Tuesday, September 21, 2010


I’m not one to be big on the power of positive thinking, but I’ve noticed that how you see yourself has some influence over what you are able to accomplish. An example of where it works is in public speaking. If you walk into a classroom thinking that you have nothing to say and the students are just humoring you because they don’t want to teach the class themselves, you will fail as a teacher. But if you walk into a classroom confident of your ability to teach them something and with self respect for your ability as a teacher, you’ll be able to do a much better job as a teacher. However, before you take the attitude that if you think it it will come true, let’s consider why it works.

Thinking you’re a great teacher doesn’t make it so. I’ve seen a number of people who are overly confident in their abilities and the result is that people laugh behind their backs. To be a great teacher you must prepare to be a great teacher and only then have the confidence in your abilities. If you don’t know your subject you won’t be a great teacher. But let’s suppose you know the subject. If you walk into the room and aren’t confident in your abilities, you’ll hold back. You’ll temper what you say by sticking to the “safe” material. You won’t say anything that you don’t think the other people in the room agree with because you’re afraid they’ll disagree and expose you as a fraud. You’ll stay away from visual aid because you think they look silly. You’ll avoid class discussion because you’re afraid they’ll ask something you don’t have the answer to. In the end, you lecture for the length of class to a chorus of yawns throughout the room.

On the other hand, if you know your subject and are confident in your abilities, you’ll walk into the class with the belief that you can teach the students or at least get them to consider something they might not have otherwise considered. You’ll reduce lecturing and your reliance on Power Point and turn to activities that will cement the concepts you are teaching in the minds of the students. You won’t be as worried about them seeming silly because you’ve given much thought to the impact they will have in reaching your goal of teaching the students.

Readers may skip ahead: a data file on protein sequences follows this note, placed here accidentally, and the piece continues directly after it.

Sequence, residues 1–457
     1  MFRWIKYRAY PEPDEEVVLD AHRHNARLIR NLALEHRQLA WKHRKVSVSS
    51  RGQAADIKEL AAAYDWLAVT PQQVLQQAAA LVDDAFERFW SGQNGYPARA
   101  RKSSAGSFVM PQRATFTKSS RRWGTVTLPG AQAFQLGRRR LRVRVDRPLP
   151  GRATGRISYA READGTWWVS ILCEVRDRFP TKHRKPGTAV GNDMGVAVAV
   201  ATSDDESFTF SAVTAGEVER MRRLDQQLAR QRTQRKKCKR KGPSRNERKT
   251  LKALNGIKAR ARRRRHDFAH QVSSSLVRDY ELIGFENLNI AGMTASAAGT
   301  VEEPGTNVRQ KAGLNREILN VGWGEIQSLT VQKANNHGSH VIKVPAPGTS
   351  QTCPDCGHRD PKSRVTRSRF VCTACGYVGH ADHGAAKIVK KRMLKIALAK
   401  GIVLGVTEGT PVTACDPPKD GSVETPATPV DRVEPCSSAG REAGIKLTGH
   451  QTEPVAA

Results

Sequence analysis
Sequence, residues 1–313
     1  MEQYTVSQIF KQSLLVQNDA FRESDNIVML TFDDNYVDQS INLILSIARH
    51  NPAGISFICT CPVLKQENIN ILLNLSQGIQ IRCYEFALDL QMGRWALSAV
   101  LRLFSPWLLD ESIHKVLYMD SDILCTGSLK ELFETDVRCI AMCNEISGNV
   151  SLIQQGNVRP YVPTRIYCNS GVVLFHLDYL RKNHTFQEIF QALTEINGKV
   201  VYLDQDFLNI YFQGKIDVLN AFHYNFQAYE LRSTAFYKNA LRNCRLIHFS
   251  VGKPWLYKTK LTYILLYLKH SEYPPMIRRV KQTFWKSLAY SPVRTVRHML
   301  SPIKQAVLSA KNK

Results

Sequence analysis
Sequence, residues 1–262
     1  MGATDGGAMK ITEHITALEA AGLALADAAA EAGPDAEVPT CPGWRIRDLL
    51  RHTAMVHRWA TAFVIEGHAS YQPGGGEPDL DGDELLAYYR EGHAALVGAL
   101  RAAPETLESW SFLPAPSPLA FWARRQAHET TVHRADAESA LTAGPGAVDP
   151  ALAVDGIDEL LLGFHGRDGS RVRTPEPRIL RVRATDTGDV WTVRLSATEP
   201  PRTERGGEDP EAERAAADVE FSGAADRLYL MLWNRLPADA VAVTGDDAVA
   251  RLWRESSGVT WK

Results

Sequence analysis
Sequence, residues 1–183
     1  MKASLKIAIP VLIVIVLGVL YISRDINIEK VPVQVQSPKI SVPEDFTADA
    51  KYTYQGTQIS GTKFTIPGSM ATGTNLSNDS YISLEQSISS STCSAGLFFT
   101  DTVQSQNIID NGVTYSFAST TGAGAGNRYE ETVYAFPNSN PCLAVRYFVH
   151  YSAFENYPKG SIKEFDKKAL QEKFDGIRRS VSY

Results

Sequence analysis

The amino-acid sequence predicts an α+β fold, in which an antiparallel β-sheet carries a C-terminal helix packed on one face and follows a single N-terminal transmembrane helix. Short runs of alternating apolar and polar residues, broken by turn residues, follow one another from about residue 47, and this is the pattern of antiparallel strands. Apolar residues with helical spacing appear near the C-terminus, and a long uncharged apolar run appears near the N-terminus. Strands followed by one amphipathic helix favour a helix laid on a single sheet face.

I think that much of what I’ve said concerning teaching can also be applied to writing. If we become too worried about our inability to write, we pull back and it becomes a self-fulfilling prophecy. If we are confident that we have something to say, we can ignore those who disagree with us and say what we believe needs to be said. It may not make us better writers, but it allows us to write at the highest level we can.

Monday, September 20, 2010

Let's Do Guest Posts Better

Several of the writers for the blogs I follow have been off at the ACFW Conference, so much of last week and maybe this week they’ve been having all these “guest blogs.” Am I the only one who just skips over a blog when I see that it’s a guest blog?

It’s not that I don’t think the people they invite to write for their blog don’t have something meaningful to say, but it’s a little like calling someone on the phone and getting the answering machine instead. It may be that I can tell the answering machine what I needed to tell the person just as easily, but it’s disappointing because I was looking forward to talking to the person and all I get is the machine. When I visit a blog that I’ve enjoyed reading and see a guest blog, I’m disappointed because I know the blogger isn’t going to post anything today.